It's so hot out it hurts, so we're hunkered inside, thanking God for air conditioning. We need an activity. We're discussing museums, a trip down the Nile via Imax, a sale at Old Navy featuring back-to-school fashions. The first requirement is air conditioning, the second more problematic: one activity that fits all. We want to stick together. We rarely get to see one another. My parents, my sister and her husband and their kids, and I and my husband and mine. We're gathered at my house for a long weekend, and we need an activity that will accommodate 11 people, ages 83 to 4.
"The pool would have worked if it weren't so hot," I'm saying. My parents are too rickety to swim, but they would have loved sitting in the shade and watching the kids splash. But even shade, during a heat wave, is hard to take. On the news, they're warning old people in particular to stay inside.
"I could take the boys to the sports museum," says James, my brother-in-law, "while Mom and Dad go to the Imax show, and the kids go watch the fountains."
"That's not sticking together," my sister Claire says.
"We could all go to see 'Charlie and the Chocolate Factory,'" I say, promoting the one idea I care most about. "We could get big vats of popcorn and sink in those big seats!"
"A cartoon?" my mother says.
"Well, not exactly," I say. "It's, you know, Tim Burton -- "
No, she doesn't know.
Out of nowhere, as if inspired by angels of an entirely different planet, Claire says, "Hey, why don't we just stay here?"
Here? Home? No . . . activity? Glances go around the room. It takes a moment for this concept to sink in. No activity? It's so retro! It's what families did when the whole unit more or less lived in the same town and visits were not giant, planned events. Just Aunt Susie and Uncle Fred stopping over with a pie. So you call Aunt Martha to tell Uncle Mike to quit working on the car and come on over. Getting together was just getting together, no big deal. You didn't need to memorialize each visit with photos and video and stage a trip to a tourist attraction to give it meaning and lasting merit.
"You just . . . hung out," my mother says, of her days growing up poor but content and surrounded by family in north Philly.
"I say we try it," Claire says.
A debate ensues. Actual arguing and pointing of fingers. Five kids stuck in one house -- I think they're going to go bonkers and cause the rest of us to scream and curse. James thinks the boys need to get out. I do, too. My husband does not support me -- which in itself is enough to make him wrong. We go around in circles, and there is even some stomping of feet and annoyed exits, but in the end the slackers win. There will be no activity.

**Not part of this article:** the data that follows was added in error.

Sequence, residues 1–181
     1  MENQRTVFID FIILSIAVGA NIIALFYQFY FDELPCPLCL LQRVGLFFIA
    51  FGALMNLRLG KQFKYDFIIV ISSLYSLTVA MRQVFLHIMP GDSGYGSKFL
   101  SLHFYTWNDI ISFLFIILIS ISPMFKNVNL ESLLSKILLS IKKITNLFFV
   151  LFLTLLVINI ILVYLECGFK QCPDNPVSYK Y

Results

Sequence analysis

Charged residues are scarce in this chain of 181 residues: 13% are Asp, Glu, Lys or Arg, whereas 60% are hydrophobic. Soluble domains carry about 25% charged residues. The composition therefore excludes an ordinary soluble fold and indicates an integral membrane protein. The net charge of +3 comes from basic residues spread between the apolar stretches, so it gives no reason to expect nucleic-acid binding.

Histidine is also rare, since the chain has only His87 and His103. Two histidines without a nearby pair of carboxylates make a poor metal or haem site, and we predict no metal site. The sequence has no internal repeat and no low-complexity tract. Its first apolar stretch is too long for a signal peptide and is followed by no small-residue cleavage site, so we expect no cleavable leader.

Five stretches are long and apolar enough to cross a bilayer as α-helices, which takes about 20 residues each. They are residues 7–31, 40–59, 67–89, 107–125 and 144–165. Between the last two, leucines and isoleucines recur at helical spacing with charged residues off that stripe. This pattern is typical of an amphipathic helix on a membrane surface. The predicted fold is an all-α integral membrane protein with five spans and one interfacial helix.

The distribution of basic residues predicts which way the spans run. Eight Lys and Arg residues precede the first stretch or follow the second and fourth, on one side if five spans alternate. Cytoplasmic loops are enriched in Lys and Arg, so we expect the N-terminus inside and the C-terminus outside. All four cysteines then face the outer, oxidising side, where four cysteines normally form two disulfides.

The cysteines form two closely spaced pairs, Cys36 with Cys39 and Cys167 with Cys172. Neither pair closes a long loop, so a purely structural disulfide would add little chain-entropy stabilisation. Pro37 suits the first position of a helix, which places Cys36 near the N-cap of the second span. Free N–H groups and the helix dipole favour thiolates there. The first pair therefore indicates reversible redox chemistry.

I'm determined to roll with this. I start popping popcorn, grumbling.
Claire peels peaches, singing.
Alex, my husband, goes into the basement to examine the washing machine housing, inviting James to participate in a Mister Fix-It extravaganza.
The boys teach the younger kids how to play Ker-Plunk in the rec room. Then the younger kids draw pictures of rainbow houses. Claire finds a recipe for peach cobbler. The rainbow house pictures become presents for Grandmom and Granddad, which the boys fold into paper airplanes for special delivery. My dad reads a book on T.S. Eliot that I forgot was on my shelf. My mom shoos the cat that won't stop curling up on her lap. I put "Chitty Chitty Bang Bang" into the VCR, pass out blankets. Some of us nap. We're together, but we're alone and in varying combinations, passing one another by and by with the simple rhythm of a family, no crescendo, just a quiet, predictable beat.
When it's time for dinner, we gobble up barbecued chicken, fresh corn and peach cobbler, and when the sun goes down, we finally venture out back to watch the kids make use of the sparklers left over from the Fourth of July.
"I have to say James was right," my mom says. "It was the right idea to stay home."
"James was right?" Claire says, throwing up her hands.
"I'm just saying this was a perfect day," my mom says. "This is how it used to be. Families didn't pile into big vans, spend a lot of money to have fun. It wasn't even an option."
I agree with my mom. I wish getting together were as simple and ordinary as a game of cards and shucking corn. "It's kind of an adventure," I say, "to just let getting together be the activity."
"Thank you, James," my mom says, having completely mixed up who was on whose team earlier this day.
"Yeah, James was right," I say, because part of being a family is annoying Claire.
"I'm going to bed," Claire says.
And my mother says, "Good night, dear."
Jeanne Marie Laskas's e-mail address is firstname.lastname@example.org.